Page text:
“James Martin: Essential Writings,”
selected and with an introduction by James T. Keane.
Orbis Books (Maryknoll, New York, 2017).
245 pp., $22.
No matter how many of the bestselling books authored by Jesuit Father James Martin you have read, a great deal of what’s in this book — a volume in the publisher’s “Modern Spiritual Masters Series” — is likely to be unfamiliar. While it includes some brief excerpts from his most popular books (“The Jesuit Guide to (Almost) Everything,” “Jesus: A Pilgrimage,” “A Jesuit Off-Broadway” and “Between Heaven and Mirth”), most of what you’ll find here comes from articles by Father Martin that appeared in various periodicals including America (over 200 to date), the Tablet, Huffington Post and Portland, the University of Portland’s alumni magazine. James T. Keane does the author’s many fans a service, then, by presenting them with material they might otherwise never know about.
Keane gathers this book’s 40-some articles into four categories titled: Motions of the Soul: Spirituality and Prayer; God in All Things: The Divine in Daily Life; The Care of Souls: Solidarity with the Suffering and the Wounded; and More by Deeds than by Words: Models of Holiness. Article titles many readers will find particularly appealing are “Reflections on Chronic Illness and Pain, Among Other Things,” “Holy Dirt” (about sacramentals), “Six Stupid Things I Never Want to Do Again,” “Don’t Be a Jerk,” “Lourdes Diary,” “Why Stay in a Church So Clearly Flawed” and “The Saint of the Sock Drawer” (about St. Jude).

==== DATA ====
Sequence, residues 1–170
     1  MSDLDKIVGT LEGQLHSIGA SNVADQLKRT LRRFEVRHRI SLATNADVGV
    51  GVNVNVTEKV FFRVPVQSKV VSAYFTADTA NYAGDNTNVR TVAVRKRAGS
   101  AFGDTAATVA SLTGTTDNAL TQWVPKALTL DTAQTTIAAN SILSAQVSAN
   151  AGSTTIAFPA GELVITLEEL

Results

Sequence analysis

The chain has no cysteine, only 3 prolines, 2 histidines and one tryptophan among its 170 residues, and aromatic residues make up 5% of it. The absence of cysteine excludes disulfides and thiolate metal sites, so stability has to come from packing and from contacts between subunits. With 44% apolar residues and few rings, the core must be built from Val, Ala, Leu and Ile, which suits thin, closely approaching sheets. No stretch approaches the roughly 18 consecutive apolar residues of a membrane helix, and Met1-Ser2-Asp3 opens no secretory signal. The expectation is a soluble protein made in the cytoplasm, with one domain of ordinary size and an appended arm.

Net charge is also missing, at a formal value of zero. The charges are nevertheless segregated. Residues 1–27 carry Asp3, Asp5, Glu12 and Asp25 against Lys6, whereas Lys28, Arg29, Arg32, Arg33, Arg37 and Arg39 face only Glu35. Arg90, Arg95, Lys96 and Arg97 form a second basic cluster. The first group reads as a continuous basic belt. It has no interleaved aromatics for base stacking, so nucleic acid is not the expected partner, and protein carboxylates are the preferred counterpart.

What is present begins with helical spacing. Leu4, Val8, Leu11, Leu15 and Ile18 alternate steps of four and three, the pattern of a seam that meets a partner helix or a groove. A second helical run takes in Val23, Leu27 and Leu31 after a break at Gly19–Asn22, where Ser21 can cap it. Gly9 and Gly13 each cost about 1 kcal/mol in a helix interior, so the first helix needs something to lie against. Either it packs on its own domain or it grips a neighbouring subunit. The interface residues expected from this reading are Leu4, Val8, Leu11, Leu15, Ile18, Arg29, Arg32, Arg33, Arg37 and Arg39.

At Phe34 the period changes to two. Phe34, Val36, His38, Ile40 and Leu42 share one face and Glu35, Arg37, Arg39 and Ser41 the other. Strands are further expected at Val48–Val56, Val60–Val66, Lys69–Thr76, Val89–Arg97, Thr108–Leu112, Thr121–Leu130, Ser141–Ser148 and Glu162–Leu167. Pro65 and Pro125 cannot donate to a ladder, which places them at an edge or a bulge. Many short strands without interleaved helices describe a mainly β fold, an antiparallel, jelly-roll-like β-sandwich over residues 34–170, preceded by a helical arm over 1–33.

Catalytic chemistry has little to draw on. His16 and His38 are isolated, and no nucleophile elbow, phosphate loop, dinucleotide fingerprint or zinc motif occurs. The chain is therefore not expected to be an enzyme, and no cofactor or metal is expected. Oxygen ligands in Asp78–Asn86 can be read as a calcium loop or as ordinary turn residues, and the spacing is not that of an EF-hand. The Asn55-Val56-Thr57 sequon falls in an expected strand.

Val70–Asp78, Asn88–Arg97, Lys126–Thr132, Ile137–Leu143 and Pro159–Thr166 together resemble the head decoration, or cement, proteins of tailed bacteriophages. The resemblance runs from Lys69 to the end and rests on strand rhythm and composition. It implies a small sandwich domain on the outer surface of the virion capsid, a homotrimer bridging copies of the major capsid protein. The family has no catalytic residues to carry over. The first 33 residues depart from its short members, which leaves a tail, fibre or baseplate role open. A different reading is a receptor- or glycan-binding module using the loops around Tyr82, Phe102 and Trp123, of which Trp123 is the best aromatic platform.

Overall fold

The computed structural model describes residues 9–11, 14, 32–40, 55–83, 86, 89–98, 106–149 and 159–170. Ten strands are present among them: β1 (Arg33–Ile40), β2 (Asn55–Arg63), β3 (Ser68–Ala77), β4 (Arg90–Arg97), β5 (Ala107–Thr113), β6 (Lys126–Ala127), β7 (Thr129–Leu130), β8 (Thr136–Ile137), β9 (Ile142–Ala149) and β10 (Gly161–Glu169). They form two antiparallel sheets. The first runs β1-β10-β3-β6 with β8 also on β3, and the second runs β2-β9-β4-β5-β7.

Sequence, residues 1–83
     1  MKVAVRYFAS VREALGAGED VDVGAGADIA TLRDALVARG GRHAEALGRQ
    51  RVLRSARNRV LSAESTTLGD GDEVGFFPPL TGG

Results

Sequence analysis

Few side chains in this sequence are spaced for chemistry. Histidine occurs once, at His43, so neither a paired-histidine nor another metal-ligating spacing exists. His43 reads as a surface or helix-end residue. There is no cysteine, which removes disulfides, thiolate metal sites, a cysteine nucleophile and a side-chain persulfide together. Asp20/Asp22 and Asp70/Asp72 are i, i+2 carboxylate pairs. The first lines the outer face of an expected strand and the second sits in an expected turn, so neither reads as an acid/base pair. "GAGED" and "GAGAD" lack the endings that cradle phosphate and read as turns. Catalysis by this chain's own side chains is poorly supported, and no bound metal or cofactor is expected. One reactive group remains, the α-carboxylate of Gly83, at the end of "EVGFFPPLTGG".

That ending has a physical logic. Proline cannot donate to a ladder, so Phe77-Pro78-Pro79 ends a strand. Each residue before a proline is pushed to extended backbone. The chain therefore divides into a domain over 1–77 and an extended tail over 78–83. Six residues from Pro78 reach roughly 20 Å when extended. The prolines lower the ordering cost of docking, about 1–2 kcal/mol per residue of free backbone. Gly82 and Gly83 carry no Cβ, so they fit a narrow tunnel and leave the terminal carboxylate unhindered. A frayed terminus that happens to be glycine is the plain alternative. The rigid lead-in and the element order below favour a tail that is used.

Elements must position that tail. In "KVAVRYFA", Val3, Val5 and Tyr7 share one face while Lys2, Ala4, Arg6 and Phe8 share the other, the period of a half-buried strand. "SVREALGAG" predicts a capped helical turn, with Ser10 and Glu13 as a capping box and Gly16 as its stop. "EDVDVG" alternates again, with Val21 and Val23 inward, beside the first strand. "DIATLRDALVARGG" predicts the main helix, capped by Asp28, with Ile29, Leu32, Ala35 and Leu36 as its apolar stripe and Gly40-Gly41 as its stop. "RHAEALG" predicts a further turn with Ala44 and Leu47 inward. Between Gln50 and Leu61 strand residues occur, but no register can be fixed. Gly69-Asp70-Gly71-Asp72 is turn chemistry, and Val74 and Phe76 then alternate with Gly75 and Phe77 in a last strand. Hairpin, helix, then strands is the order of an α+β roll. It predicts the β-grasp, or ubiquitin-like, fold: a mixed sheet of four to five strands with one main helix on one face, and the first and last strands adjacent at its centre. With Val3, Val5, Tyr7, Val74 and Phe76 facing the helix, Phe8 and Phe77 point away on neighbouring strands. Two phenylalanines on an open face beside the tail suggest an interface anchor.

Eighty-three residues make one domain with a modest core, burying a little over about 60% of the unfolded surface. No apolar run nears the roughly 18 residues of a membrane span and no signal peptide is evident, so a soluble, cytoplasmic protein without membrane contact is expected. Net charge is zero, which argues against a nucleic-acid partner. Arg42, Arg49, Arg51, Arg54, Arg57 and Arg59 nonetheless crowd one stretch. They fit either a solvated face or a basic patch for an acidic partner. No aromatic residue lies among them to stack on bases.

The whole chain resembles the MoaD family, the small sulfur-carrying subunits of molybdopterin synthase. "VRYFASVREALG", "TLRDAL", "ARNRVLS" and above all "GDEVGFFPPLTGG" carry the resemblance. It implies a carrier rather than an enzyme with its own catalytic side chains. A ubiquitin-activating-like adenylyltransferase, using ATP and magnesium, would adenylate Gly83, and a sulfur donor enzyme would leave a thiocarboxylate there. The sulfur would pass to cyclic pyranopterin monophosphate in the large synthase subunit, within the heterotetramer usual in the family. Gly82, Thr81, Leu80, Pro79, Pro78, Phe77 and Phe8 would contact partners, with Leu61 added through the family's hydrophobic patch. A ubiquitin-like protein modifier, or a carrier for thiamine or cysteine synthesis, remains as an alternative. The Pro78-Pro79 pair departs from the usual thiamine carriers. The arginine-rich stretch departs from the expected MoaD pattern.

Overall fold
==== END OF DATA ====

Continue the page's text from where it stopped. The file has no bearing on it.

In his introduction, a short biographical essay about Father Martin, editor Keane makes a solid case for his comparison of Father Martin to the great 20th-century Trappist monk, author, social critic and poet Thomas Merton. Father Martin most likely dismisses any such comparison. Still, Keane writes: “James Martin, S.J., the Jesuit priest who is perhaps American Catholicism’s most prominent public figure, was a lukewarm, nonpracticing Catholic on the fast track to executive riches at General Electric.”
While this is certainly true, one may be justified in observing that there are, undoubtedly, many regular Catholics with similar backgrounds who returned to being Catholic or joined the church and did not go on to become priests or nuns, but went on to live their faith in admirable, even heroic ways without becoming well known in the pattern of Fathers Merton and Martin. One may hope for a book, one day, that presents the inspiring stories of just such ordinary Catholics.
All the same, “James Martin: Essential Writings” is a solid, inspiring and informative book. Read up!
Finley is the author of more than 30 books on Catholic themes, including “What Faith is Not” (Sheed & Ward) and a new revised and updated edition of “The Rosary Handbook: A Guide for Newcomers, Old-Timers, and Those In Between” (Word Among Us Press).
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